Dachsund (from ‘Picasso’s Animals’)

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Sausage dog, long and looping.

A bridge, stretched between stout supports, bowing.

Your aeroplane nose flies west, somewhere I’ve never been,

connecting me to a dream she had of one of this breed –

but a breed apart – a dachsund that loved unconditionally,

and so could be taken to heart, unreservedly.

Cynophobic, she woke up wanting to have one.

Sausage dog (God spelled backwards), with your

pendulum ears sweeping down to earth,

you could make a vegetarian want to eat you.


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You stop to look at them,
on a morning when the ice imprisons the sun,
Their shuffle breaks the muddy glass of the ground.
And you pause and find they are already looking at you,
with a sorrow they will not communicate.
On the other side of the barrier,
spectators at an accident, or aliens,
compassionate, examining your frail and damaged flesh.
What future grief do they foresee?
What present tenderness?
The horses know and will not tell.
When you remember, and return to them again,
you will find them gone, distant, on the other side of the field,
guarding the secret that you never told.



New poem for my new nephew.


Little star
Born in the morning
before the old, grey world yawned,
braced itself, drew a deep breath.

You appeared,
And who could contain a smile,
suppress the surprise of a beaming grin,
to hear of your cry, your waking the dawn?


Little star, little gift

Not yet a twinkle in your daddy’s eye

he wandered the restless world to find
some men poor, but with warm hearts and wide,
some were billionaires but mere beggars inside.
He travelled the glittering globe and knew
that all of its treasures couldn’t compare to you.

Que pasa
little man? To what will the planet come
before you are old, and what will you be?

How I wonder at your destiny…
But your mother knows: you’ve arrived at perfection.

Little star, you may soar high
but already posses a brightness, significance and worth
no learning, labour or luck can diminish or increase.

Our love for you will not grow or fade with age or size.
Relax in this knowledge throughout your time on earth

as you rise and shine and, as now, smile in sleep.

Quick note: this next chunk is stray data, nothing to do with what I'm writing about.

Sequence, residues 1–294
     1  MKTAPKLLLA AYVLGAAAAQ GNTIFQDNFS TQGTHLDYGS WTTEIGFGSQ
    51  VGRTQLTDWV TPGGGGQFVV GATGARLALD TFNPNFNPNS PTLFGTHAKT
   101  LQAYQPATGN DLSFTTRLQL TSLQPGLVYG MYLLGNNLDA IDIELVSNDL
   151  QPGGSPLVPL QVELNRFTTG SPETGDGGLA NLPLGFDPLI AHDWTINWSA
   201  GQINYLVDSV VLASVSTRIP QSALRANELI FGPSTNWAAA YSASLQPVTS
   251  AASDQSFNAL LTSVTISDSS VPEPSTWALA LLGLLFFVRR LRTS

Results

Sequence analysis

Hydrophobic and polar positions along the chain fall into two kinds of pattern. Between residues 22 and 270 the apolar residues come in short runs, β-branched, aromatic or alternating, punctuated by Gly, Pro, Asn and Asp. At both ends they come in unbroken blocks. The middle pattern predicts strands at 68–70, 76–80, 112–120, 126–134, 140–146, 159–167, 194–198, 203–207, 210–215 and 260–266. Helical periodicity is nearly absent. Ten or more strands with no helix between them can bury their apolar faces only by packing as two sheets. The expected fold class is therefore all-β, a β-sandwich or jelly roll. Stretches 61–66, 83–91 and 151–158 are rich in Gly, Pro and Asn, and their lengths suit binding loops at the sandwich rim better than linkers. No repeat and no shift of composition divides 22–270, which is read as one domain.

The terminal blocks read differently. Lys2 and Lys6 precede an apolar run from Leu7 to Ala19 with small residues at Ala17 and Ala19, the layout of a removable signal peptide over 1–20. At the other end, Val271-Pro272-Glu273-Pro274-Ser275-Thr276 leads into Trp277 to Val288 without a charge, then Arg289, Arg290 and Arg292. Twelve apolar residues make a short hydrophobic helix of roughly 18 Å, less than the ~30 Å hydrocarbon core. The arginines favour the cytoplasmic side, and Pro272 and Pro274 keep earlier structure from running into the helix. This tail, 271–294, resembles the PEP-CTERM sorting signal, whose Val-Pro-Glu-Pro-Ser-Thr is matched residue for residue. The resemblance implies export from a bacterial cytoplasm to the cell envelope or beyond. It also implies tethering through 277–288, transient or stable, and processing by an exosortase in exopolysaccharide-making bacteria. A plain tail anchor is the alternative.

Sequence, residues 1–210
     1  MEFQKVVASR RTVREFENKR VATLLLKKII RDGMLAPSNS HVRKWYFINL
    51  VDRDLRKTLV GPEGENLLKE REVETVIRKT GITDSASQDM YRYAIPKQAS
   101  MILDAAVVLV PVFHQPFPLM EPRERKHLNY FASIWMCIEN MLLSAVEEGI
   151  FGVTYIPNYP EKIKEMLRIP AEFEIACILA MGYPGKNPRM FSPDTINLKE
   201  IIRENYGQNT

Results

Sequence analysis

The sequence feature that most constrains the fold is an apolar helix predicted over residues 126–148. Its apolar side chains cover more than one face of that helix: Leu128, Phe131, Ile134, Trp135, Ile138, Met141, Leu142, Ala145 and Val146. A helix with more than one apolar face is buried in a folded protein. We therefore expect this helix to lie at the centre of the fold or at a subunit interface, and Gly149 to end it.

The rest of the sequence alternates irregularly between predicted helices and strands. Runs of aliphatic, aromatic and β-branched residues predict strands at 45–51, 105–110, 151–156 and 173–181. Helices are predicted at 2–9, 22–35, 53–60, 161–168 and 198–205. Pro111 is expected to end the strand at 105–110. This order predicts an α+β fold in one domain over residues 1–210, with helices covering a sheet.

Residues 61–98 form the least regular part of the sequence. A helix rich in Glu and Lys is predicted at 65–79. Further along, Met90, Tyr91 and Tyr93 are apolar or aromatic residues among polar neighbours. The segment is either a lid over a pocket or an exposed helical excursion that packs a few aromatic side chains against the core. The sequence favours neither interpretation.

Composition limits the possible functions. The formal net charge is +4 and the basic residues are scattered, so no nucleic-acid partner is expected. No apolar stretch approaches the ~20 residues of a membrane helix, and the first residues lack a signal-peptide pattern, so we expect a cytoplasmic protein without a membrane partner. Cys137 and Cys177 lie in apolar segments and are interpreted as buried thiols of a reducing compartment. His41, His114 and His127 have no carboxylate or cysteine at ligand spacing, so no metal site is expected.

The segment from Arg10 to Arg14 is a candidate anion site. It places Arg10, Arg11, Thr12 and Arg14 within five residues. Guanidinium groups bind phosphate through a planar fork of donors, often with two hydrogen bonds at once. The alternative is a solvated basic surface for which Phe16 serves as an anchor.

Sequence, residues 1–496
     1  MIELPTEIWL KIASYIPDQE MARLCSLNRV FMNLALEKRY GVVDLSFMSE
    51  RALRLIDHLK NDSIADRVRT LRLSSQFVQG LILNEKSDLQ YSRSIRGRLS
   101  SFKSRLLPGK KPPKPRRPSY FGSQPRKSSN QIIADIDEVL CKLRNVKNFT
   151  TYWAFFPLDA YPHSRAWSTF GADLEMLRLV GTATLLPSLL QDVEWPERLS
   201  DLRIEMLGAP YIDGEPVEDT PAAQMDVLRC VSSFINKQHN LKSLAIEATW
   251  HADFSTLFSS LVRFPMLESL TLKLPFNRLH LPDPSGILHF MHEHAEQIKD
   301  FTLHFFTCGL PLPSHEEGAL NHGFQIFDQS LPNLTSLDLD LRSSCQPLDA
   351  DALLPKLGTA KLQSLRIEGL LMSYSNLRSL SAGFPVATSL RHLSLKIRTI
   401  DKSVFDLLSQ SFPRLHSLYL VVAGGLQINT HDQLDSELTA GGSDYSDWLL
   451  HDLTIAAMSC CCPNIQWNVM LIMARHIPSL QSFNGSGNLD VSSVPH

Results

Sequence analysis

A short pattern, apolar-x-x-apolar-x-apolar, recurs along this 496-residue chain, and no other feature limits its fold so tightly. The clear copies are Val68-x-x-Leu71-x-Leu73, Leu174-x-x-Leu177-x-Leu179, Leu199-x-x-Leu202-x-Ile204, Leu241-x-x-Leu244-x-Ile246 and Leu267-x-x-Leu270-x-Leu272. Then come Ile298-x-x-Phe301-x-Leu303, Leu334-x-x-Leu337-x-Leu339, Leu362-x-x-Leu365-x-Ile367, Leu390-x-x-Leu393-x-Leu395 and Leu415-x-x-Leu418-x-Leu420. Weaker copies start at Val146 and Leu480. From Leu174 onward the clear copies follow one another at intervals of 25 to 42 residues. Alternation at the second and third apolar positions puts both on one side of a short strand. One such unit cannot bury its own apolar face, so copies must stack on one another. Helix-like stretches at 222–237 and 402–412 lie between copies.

Death threats at college


If you think religious oppression only exists in other lands, it is time to think again. Forget Dawkins’ mild, intellectual harassment of believers. I’m talking about serious, credible death threats issued to people of faith in England’s ‘green and pleasant land’.

One of my friends, an 23 year old Afghan man called Ali (name changed), attends South Birmingham college and has permission to stay in this country. One of his tutors there, a Muslim woman, engaged him in discussion yesterday in the ESOL class he attends. She asked him ‘what is your favourite day of the week ‘? ‘Sunday’, was his reply. Why? He attends the same church that I do in town and he enjoys the meetings very much. Ali converted to Christianity some years ago, whilst in England.

His tutor, surprised, asked him why he went to church as his mother country was Muslim and that meant that he ought to be a Muslim himself. She emphasized his responsibilities to the faith of his fathers and said that, as an apostate, he could be killed if he returned to Afghanistan. Under Islamic law, this is an appropriate sentence for a convert to any other religion.

At this point in the conversation, things took a sinister turn. Some Afghan men in the ESOL class had been participating in the discussion and, when the tutor mentioned Ali’s life being endangered if he returned to his homeland, they put it to Ali that he didn’t need to go to Afghanistan; they were ready to kill him right here. These men, from the Pashtun tribal grouping in Afghanistan, mean business. The Police have been informed, as well as his college, and we’re making provision for Ali to go to a safe house in the city where he will be reasonably secure from the prospect of imminent death.

The sad thing is that many people hearing about this event will dismiss it as a manifestation of a primitive and problematic sub culture that just happens to exist on our shores because of government migration policy. ‘Afghan tribes people always fight one another’. ‘Bloody asylum seekers’. ‘Look, religion causing trouble again.’

Such analyses are lazy and naïve. Much though I respect her stand for ‘faith’, Baroness Warsi doesn’t do us any favours if the message she puts over is that all faiths are the same. They are not, and the attempt to be a ‘defender of faith’, as Prince Charles described it, is as questionable in its helpfulness now as it was when he first voiced the idea. Some belief systems are benign, some are downright toxic. That is true of obnoxious pseudo-Christian groups who hate gay people as much as it does Islamic fascists.

The only faith worth defending is one that passes the test of enhancing and sustaining human dignity and free society and which places absolute value on the individual. Christianity does not persecute and kill ‘apostates’. The word is never used in the Bible in reference to people who convert to other faiths. Fundamentalist Islam does. In this strain of the belief, now current in UK, those deemed kufr – ‘coverers’ or rejecters of the truth – are rubbish, fit for disposal. The guys who threatened my friend Ali may be unsubtle, but they express something of the genuine contempt that this ideology holds towards people of any other belief system, whether Christian, Hindu or atheist.